Ubuntu Multipass

The ambit of IT, software development, operations or similar tends to be full of people that likes to try new trends or tools related directly with their day to day tasks or just out of curiosity. One quick way of doing this, it is to install all the tools and libraries in our machines and, after we have finished, try to clean everything or, at least, revert all the mistakes or, not very good practices we did when learning. Despite this been a valid way, overtime, our machines get polluted will lost dependencies, configuration files or libraries.

To avoid that, it seems a better way to try all the new stuff on an isolated environment and, if we like it and we decide do use it in our daily environments, to install it from scratch again probably correcting some initial mistakes or avoiding some bad practices.

There are plenty of solutions out there to achieve this and, to have an easy to set up throw-away environment. Most of them based on virtual machines or some kind of virtualisation. More traditional ones such as VirtualBox or VMWare or, some based on management solutions for virtual machines such as Vagrant.

Today, I just want to bring to the table a different one I have been playing with lately and, I did not know a few months ago. I do not know how popular is it or how extended it is but, I think that knowing different options it is always a plus. The tool is called Multipass. And, as Ubuntu describes it, it is “Ubuntu VMs on demand for any workstation. Multipass can launch and run virtual machines and configure them with cloud-init like a public cloud. Prototype your cloud launches locally for free.”

I have found it very easy to use and, for the purposes of having trow-away isolated environments laying around, quite useful.

We are going to see the install process and, the basic execution of a few commands related with an instance.


Before we start applying the steps to install Multipass on our machines, there are a couple of requirement we need to consider. They are related with the platform is going to be used to virtualise the images. In new operative systems, no extra requirements are needed but, some old ones have them. Check on the official documentation.

For Linux:

sudo snap install multipass

For Windows:

Just download the installer from the web page and proceed with the suggested steps.

For MacOS:

MacOS offers us two different alternatives. One based on an installation file similar to Windows and, one based on a package manager solution like Homebrew. If installing using the installation file, just execute it and follow the suggested steps and, if installing using Homebrew just execute the appropriate command (here):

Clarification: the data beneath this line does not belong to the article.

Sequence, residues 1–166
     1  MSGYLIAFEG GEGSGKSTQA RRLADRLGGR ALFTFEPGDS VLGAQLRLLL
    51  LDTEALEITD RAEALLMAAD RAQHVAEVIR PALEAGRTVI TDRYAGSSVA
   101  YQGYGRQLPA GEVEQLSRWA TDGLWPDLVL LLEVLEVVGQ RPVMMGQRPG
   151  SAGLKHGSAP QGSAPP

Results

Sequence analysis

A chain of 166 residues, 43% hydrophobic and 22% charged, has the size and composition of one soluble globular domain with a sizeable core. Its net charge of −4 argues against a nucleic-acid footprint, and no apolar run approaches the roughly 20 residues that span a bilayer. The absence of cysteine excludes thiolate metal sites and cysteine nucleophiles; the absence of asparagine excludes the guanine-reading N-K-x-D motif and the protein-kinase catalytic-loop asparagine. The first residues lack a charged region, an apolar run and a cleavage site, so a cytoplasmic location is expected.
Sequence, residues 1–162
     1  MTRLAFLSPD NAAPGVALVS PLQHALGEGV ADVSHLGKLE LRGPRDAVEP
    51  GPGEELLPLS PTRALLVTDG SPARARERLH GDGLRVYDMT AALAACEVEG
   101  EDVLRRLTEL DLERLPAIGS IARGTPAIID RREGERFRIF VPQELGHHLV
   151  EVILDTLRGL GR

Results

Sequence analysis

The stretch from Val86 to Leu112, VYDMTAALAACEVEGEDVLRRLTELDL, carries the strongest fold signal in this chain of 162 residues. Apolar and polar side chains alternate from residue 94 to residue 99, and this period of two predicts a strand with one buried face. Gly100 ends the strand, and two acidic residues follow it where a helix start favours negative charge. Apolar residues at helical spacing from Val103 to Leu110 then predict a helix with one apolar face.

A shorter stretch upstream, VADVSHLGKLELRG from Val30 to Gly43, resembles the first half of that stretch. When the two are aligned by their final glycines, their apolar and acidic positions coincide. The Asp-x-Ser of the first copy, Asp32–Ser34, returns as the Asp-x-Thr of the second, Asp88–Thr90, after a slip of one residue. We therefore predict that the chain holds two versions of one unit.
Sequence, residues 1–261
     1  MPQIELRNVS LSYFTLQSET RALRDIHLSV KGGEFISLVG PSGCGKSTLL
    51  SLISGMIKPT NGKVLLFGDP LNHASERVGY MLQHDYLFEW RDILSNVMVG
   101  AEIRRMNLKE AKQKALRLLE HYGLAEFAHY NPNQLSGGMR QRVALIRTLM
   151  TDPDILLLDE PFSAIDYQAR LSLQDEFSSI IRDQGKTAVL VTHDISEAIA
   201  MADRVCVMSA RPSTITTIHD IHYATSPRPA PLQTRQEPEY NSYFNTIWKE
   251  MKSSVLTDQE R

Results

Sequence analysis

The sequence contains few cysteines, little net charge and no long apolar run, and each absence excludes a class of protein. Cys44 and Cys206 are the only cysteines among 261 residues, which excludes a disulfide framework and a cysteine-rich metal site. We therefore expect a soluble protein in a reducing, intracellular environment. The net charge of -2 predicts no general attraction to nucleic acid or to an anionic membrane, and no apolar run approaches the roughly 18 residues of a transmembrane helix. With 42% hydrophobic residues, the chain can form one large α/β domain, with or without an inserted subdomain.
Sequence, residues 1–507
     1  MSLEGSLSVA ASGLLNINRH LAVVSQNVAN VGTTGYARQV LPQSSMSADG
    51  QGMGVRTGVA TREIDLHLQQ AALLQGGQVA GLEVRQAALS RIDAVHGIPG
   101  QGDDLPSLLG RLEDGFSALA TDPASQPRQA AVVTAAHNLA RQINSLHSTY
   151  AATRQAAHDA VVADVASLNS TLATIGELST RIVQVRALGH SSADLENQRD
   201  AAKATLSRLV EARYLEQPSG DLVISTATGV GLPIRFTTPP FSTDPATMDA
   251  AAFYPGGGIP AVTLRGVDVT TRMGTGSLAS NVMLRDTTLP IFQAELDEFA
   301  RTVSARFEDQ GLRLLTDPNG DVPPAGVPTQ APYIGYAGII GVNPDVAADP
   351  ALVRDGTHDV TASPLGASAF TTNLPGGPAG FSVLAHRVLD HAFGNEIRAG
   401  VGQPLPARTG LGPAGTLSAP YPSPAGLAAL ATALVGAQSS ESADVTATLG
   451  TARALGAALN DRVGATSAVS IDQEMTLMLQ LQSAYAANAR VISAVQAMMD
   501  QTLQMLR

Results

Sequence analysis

brew install --cask multipass

Once the installation is done, any other command executed should be the same in all three environments.

Just as a side note, there is the possibility of using VirtualBox as a virtualisation platform if we desire it but, this is completely optional and depends only on our preferences. I am not using it. The command to install it can be found below but, I encourage you to go to the official documentation on this specific point.

Now we have finished the installation, let’s create our first instance.

Creating and using an instance

Let’s check what images are available:

Show the result of 'multipass find'
‘find’ execution – List of available images

We can see there are multiple images available but, in this case, we are going to create an instance using the latest version (20.10). By default, if not image is specified, multipass uses the las LTS version.

It is worth it to mention that, by default, multipass assign some values to our instance in terms of CPU, disk, memory and, others.

default instance values
default values – multipass launch -h
Show the result of 'multipass launch'
‘launch’ execution – Creates a new instance

As we can see it is quite fast and, if we create a second image, it will be even faster.

We can execute a command inside the instance:

Show the result of 'multipass exec'
‘exec’ execution – Executes a command inside the instance

Or, we can just login into the instance:

Show the result of 'multipass shell'
‘shell’ execution – Login into the instance

From now on, we can just work with this instance as we please.

There are a few commands we can use to manage our instances such as instances running, available instances or information about running instances. All these command are available on the help menu.

Show the result of 'multipass --help'
‘help’ execution – List available commands

Mounting a shared folder

Multipass offers the possibility of mounting folders to share information between the host and the instance using the command mount.

Show the share a folder process
Sharing a folder between host and instance

Cleaning (Deleting an instance)

Finally, as we do not want to leave throw-away instances laying around, after we have finished working, we can remove it.

Shows the 'multipass delete' execution
‘delete’ execution – Removes an instance

This is just a brief introduction to multipass. More complex scenarios can be found on the official documentation.

Ubuntu Multipass

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